As much as most people tend to deny it, sibling rivalry for many is a life-long struggle. For some it starts in childhood, persists through adolescence and may plague their adult relationship for years. It is a covert emotion that masks itself and causes poor relationship and unending emotional strife. Understanding and repairing the rifts can lead to happier adults and wholesome extended families.
The poor relationship of some adult siblings is claimed to be due to a variety of causes such as: unforgivable acts and words, hurtful behavior or unacceptable personality attributes. Though these reasons may indeed be valid, the core of the conflict often stems from the competitive thrust for primacy and love of the parents.
All children need to know that they are worthy and loved in order to thrive. Vying for parental care is an instinctual mechanism for survival. Siblings dilute and reduce the caring attention and resources each child receives. Anger, hurt, betrayal and loss of significance are common emotions experienced by children when they do not receive the full attention they crave.
A first born, for example, who feels replaced when a second child is born is too young to understand the source of his/her pain. S/he may interpret the arrival of another child as evidence of his/her being insufficiently pleasing to the parents. This understanding produces fear and concerted efforts to regain parental satisfaction with the child. When a parent is preoccupied caring for another child the sibling may feel abandoned, rejected and unloved. Younger children often view the privileges given to older ones as “evidence” that someone else in the family is favored. Thus a system of sibling competition is established to affirm the child’s worth and lovability which is necessary for the child to secure his/her survival.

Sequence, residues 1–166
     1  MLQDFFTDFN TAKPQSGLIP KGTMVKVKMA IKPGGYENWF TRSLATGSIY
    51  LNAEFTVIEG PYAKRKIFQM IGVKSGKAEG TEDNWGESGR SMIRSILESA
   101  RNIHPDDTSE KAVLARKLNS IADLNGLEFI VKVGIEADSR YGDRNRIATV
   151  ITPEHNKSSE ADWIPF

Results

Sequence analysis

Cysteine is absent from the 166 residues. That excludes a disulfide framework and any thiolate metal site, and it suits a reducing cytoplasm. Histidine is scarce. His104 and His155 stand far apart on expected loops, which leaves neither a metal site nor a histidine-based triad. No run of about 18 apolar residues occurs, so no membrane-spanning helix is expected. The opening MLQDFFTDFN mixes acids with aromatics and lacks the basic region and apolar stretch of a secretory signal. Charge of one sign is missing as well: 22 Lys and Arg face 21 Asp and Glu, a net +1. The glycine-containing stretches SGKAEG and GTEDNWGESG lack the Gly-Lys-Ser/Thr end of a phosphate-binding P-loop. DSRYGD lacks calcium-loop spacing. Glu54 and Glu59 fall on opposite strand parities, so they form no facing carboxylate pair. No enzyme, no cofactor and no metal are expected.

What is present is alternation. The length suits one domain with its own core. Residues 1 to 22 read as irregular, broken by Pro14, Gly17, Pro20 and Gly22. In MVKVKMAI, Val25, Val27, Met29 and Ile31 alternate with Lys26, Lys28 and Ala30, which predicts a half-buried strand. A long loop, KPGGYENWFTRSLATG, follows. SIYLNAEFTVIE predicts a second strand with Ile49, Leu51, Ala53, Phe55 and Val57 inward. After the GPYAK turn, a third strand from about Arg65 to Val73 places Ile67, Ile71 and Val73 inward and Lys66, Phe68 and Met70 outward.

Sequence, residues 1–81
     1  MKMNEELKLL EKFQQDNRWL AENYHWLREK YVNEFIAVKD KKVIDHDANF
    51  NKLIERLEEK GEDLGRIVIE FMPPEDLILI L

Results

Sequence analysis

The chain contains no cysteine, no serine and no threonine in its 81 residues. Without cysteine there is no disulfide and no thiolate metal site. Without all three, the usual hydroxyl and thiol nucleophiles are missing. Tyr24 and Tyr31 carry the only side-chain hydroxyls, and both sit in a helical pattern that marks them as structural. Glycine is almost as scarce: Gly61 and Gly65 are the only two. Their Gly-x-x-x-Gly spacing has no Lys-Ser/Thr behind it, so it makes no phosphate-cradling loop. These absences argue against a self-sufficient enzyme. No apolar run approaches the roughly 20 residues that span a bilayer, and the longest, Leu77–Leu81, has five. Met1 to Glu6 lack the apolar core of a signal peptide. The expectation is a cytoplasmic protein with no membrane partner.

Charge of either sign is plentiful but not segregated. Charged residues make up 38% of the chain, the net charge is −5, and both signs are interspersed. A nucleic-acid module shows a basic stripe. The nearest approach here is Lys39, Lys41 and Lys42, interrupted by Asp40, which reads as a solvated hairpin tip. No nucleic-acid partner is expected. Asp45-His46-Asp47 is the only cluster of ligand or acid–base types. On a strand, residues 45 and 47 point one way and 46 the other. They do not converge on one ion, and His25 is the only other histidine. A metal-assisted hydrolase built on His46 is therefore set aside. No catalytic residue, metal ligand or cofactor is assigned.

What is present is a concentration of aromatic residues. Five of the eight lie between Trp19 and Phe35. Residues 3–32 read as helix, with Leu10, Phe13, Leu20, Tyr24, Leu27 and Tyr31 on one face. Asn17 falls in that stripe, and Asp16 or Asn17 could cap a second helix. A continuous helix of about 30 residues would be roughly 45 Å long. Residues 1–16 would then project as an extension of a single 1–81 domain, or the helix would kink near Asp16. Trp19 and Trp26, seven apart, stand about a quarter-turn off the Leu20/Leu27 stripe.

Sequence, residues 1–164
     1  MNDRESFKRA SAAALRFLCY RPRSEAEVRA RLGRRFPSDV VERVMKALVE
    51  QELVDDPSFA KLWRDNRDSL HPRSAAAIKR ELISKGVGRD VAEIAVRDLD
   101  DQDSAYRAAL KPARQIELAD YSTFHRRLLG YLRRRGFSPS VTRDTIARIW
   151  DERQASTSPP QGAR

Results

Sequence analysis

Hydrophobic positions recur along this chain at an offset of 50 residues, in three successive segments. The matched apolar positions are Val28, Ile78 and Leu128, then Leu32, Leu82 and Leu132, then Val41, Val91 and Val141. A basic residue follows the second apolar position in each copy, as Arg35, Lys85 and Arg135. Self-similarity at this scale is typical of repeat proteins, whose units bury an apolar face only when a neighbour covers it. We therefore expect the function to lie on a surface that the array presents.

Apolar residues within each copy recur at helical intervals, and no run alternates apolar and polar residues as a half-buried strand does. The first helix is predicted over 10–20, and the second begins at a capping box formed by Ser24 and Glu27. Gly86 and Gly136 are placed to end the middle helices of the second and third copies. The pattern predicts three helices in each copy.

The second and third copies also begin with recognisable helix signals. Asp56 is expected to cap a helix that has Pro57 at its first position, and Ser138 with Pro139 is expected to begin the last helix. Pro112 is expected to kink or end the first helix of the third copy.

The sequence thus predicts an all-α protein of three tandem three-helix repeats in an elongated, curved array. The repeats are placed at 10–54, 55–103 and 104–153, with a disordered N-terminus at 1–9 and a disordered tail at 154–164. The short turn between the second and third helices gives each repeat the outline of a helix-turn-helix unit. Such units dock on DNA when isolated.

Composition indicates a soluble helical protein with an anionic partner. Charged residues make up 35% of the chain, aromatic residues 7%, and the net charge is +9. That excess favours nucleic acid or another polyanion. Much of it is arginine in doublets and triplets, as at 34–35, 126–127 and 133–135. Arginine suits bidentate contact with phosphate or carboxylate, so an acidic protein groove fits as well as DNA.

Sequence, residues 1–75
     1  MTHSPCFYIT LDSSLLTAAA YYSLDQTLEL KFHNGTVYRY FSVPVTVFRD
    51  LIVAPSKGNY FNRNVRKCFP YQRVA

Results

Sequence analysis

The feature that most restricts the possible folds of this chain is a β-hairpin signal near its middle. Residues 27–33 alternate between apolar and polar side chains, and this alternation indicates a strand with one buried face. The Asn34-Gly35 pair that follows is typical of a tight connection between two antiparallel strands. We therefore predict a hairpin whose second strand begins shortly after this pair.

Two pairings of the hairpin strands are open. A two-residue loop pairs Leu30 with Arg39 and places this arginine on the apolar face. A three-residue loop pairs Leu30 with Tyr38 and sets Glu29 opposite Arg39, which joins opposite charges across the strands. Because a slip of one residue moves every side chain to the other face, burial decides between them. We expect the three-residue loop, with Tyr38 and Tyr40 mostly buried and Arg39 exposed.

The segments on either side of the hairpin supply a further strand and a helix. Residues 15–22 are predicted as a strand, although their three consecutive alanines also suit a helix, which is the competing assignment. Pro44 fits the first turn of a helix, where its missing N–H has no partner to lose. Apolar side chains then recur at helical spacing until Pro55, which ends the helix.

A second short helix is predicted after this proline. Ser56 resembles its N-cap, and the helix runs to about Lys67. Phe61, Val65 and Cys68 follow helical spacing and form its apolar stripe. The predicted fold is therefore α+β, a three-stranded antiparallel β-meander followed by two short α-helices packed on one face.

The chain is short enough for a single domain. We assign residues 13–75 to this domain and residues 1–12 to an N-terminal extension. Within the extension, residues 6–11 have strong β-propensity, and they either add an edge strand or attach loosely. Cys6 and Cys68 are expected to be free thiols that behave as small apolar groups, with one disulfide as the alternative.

When children do not receive what they want or need at any moment they may feel resentful and angry. It is unsafe for them to express their rage toward the nurturing adult, so they redirect their hostility toward the sibling instead.
In some families parents inadvertently exacerbate the competition between children by not handling the siblings conflicts well. They may show favoritism, poorly arbitrate arguments or get angry themselves. Even the best parents are often at a loss at managing the constant bickering, fights, whining, crying and hostility between their children. It is practically impossible to deal effectively with a problem whose roots are not related to the present issues. No logical explanation, reasoning or placating can suffice in assuaging the child’s fears about his/her survival.
The yearning for being the favorite child is so strong for some people that they persevere through adulthood in their quest for dominance, outshining and proving their worth. They act in ways that they hope will solicit parental approval and may continue to battle with each other long after their parents are deceased.
The tragedy of this ongoing battle is in the loss of connection, intimacy, support and cohesiveness, which is the foundation of families. Siblings share genetic, experiential and emotional roots unlike any other group. They have lived together and witnessed good and bad times that were uniquely theirs. The early bonds were created despite the anger and fights and those can be life-long treasures to savor.
If you are estranged from a sibling ask yourself:
• Could the reason be masking an old sibling rivalry? If so, is it still relevant?
• If the unacceptable behavior, incident or attitude occurred with a close loved friend how would you handle it?
• What are the benefits of a lost sibling connection, what could be the gains of a restored relationship?
• If your hurt is about loss of parental attention why is your sibling responsible for it?
• How well do you handle your children’s fights and irrational hassles? Are you modeling for them a damaged relationship with each other in their adult life?
• Can repairing your relationship with your sibling free you of unnecessary hurt, anger and resentments? When Nelson Mandela was asked, upon his release from twenty-six years in prison, whether he resented his captors, he said: “ Resentment is like drinking poison and hoping that the other person dies”.
• Could forgiveness and restored closeness with your sibling bring peace to your soul and wholeness to your extended family?